Ariga Ibabu. There’s about a 0.1% chance that I spelled his name right. But I don’t think he’ll mind because I’ve never met him. And yet, he’s been an influential person in my life and career. Let me explain…
Growing up, my family sponsored a child through a large, well-known organization (it rhymes with Shmerld Crision…) and Ariga’s picture sat on our fridge for years. Even as he refused to age, stopped graduating and his letters came less often, his picture and occasional letters were constant reminders to me about those in need a world away. Our family sponsored Ariga, at about $30 a month, for about 8 years. Now before I get into some fundraising nerdery and discuss things like Lifetime Value (my family’s was $2,880 by the way) I want to pause and talk about something else: lifetime values.
Fundraising and the act of giving itself is transformative. For both the giver and the receiver. My parents instilled the principle of giving and caring for others in me from a young age. It played a major role in shaping who I am and what I believe. I ended up studying business with an eye on finance and international development before getting into fundraising – still in international development – and then technology, agency and consulting – still all around fundraising and charitable work. The key point here: the impact that an organization, giving and fundraising has on the lives of people is impossible to quantify at some level and more powerful than we can even imagine.
Personal pause over. Fundraising nerdery starting.
Child sponsorship programs, a ‘tangible’ monthly giving program, are one of the best examples of a Lifetime Value (LTV) strategy. LTV is the average annual contribution of a donor multiplied by the average number of years they contribute. Here’s a simple breakdown of LTV and (donor retention).
There are some much more complex ways to get at LTV (KISS Metrics has a cool inforgraphic here – not fundraising specific though) but it’s a single number that calculates a donor’s financial value to your organization over their lifetime. It’s also, in my opinion, the single most important metric to track, measure and strategize around for fundraising organizations.
Why? Because fundraising is relational at its core and jamming non-relational metrics into non-relational friendly timeframes undermines the relational nature of the work. If you only look at revenues in versus costs associated with those strategies, campaigns, appeals, events, quarters and even years, you aren’t getting the whole picture. Here’s a real world story for example:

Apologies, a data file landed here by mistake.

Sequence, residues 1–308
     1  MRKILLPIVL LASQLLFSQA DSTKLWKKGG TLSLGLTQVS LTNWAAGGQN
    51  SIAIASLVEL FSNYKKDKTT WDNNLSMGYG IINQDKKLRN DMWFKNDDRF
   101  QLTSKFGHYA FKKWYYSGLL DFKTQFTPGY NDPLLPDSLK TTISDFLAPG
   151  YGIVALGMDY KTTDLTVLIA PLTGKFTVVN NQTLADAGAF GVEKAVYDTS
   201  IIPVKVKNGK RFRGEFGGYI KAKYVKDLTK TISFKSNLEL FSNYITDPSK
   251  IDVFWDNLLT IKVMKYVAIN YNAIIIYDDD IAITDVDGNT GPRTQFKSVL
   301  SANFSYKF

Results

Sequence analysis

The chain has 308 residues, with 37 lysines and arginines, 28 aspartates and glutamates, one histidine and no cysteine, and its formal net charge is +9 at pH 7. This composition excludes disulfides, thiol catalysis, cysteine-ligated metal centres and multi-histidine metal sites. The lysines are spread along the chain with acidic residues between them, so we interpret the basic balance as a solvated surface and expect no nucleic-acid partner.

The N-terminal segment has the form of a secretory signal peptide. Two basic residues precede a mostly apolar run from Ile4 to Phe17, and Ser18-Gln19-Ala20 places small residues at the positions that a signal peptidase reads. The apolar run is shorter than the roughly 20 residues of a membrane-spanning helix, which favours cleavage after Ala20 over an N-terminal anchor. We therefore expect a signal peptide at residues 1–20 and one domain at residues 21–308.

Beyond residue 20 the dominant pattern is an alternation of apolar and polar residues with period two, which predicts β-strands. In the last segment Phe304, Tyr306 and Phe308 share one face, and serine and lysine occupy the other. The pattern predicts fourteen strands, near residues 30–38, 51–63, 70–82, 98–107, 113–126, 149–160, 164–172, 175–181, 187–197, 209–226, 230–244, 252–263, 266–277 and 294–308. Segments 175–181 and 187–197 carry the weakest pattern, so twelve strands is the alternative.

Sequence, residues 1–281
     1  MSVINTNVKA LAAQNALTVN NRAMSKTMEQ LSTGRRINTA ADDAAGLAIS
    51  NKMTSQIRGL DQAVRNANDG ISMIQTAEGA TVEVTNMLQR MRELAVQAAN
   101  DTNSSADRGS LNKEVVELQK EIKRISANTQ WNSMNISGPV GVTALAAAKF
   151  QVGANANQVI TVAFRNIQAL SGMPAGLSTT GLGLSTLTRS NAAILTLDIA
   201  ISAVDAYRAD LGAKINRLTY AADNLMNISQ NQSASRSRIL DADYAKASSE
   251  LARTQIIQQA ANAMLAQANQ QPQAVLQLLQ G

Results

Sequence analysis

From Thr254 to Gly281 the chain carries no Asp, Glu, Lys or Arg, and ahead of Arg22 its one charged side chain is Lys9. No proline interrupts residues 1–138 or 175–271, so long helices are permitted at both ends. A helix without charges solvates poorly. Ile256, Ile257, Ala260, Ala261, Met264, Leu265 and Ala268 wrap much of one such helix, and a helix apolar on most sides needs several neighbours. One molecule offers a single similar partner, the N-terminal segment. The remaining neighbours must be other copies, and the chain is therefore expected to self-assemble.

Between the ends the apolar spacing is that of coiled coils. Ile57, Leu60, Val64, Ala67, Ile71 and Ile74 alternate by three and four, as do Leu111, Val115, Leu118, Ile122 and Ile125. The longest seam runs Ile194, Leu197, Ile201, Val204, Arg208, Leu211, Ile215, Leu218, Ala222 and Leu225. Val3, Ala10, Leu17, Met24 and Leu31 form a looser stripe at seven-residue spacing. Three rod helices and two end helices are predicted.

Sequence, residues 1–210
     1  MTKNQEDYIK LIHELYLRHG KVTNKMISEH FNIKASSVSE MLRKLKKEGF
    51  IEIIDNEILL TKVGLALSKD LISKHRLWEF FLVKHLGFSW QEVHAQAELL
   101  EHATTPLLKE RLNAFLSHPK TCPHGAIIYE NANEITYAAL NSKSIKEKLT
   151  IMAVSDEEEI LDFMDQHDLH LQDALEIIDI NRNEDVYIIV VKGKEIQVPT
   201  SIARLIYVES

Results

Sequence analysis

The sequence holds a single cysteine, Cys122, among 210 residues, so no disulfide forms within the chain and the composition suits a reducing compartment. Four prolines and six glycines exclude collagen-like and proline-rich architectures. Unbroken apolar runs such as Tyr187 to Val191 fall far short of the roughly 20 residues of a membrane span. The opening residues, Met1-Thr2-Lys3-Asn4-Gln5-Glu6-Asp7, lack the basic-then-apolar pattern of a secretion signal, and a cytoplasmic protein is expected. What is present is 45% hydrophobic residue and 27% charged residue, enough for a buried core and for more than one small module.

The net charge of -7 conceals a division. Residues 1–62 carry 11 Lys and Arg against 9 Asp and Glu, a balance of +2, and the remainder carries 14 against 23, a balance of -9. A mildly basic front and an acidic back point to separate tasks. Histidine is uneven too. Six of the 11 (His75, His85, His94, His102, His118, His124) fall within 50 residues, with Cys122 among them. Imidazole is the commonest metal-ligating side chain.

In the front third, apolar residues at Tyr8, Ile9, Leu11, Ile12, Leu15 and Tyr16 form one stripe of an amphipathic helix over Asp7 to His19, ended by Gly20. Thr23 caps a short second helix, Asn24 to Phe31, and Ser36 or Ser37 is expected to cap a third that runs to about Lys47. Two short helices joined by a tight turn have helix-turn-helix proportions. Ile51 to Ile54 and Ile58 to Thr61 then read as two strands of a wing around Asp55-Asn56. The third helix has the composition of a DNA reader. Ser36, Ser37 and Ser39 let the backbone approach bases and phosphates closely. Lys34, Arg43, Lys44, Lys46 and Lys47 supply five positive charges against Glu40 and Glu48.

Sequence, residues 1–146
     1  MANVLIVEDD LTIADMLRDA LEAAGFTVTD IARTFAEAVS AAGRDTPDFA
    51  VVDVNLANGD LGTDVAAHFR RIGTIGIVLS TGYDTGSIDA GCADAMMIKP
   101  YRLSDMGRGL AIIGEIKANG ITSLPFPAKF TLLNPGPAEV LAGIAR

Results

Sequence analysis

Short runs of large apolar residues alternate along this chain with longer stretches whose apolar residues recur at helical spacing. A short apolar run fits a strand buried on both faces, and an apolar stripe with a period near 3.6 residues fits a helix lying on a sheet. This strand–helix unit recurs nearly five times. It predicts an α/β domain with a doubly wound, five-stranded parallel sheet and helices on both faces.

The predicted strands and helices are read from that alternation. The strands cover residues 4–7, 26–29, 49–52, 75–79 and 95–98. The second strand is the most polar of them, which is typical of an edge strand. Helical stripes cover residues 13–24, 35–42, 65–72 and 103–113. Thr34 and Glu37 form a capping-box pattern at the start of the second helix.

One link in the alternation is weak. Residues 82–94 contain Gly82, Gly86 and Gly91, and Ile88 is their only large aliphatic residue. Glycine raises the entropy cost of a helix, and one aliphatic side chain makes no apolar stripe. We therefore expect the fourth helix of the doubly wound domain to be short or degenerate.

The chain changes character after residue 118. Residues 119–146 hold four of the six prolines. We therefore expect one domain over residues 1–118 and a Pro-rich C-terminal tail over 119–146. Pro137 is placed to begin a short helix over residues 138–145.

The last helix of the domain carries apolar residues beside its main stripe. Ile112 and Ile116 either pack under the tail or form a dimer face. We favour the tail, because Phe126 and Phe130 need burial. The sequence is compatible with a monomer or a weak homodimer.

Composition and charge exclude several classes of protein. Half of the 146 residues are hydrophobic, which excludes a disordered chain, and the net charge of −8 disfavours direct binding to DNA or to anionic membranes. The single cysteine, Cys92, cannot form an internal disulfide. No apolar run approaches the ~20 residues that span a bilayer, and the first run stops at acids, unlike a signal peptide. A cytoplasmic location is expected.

An event costs $50,000 and raises $50,000. This means a zero in two prevalent fundraising metrics: $0 in net revenue (revenues less expenses) and 0% “efficiency” (expenses divided by revenues). And when you factor in all the time and opportunity cost (revenue that could’ve been generated in pursuing another strategy) the event comes out as a loss. Except…
That $50,000 came from 300 people. 150 of those people were new and gave again to the organization (average $150 per year for 3 years) and 50 of them committed to giving $25/month – $300 per year and gave for an average of 3.5 years. Using some simple math and the LTV equation, the event raised $50,000 on the night and was responsible for another $120,000 in the next 3.5 years. So the LTV of the event looks a bit more like $170,000 from $50,000 spent. That’s $120,000 net and 29% efficiency (it took $0.29 to raise $1.00). That’s a pretty different story.
Now there was some extra work needed to keep those donors in the months and years after and it’s not like there were zero costs and resources required to do that. But at the same time, we are not calculating volunteer hours contributed, friends recruited and their giving or any legacy or major giving that may come from that cohort of event donors either. Let alone any of that soft, “lifetime values” stuff.
The point, today, isn’t to get into the nitty gritty and complexity of LTV tracking but to take a step back, think more holistically about your fundraising and longer-term with your evaluations. That’s why I love LTV. It forces you, your organization and your team to think differently. And it can start by measuring differently.
When you do, then things like donor retention become more important as there are really only two ways to increase LTV: get people to give more or get people to give longer. In both cases,the key driver behind getting people to give more and give longer is donor satisfaction! LTV is just the right measuring stick to help your organization think about and focus on what your donors want and how you can best communicate with them.
If you are lucky enough to build relationships with people where they stick around for 8 years and put reminders of your work on their fridge, not only will Lifetime Value be high and your organization better funded but there will be some lifetime values changed as well.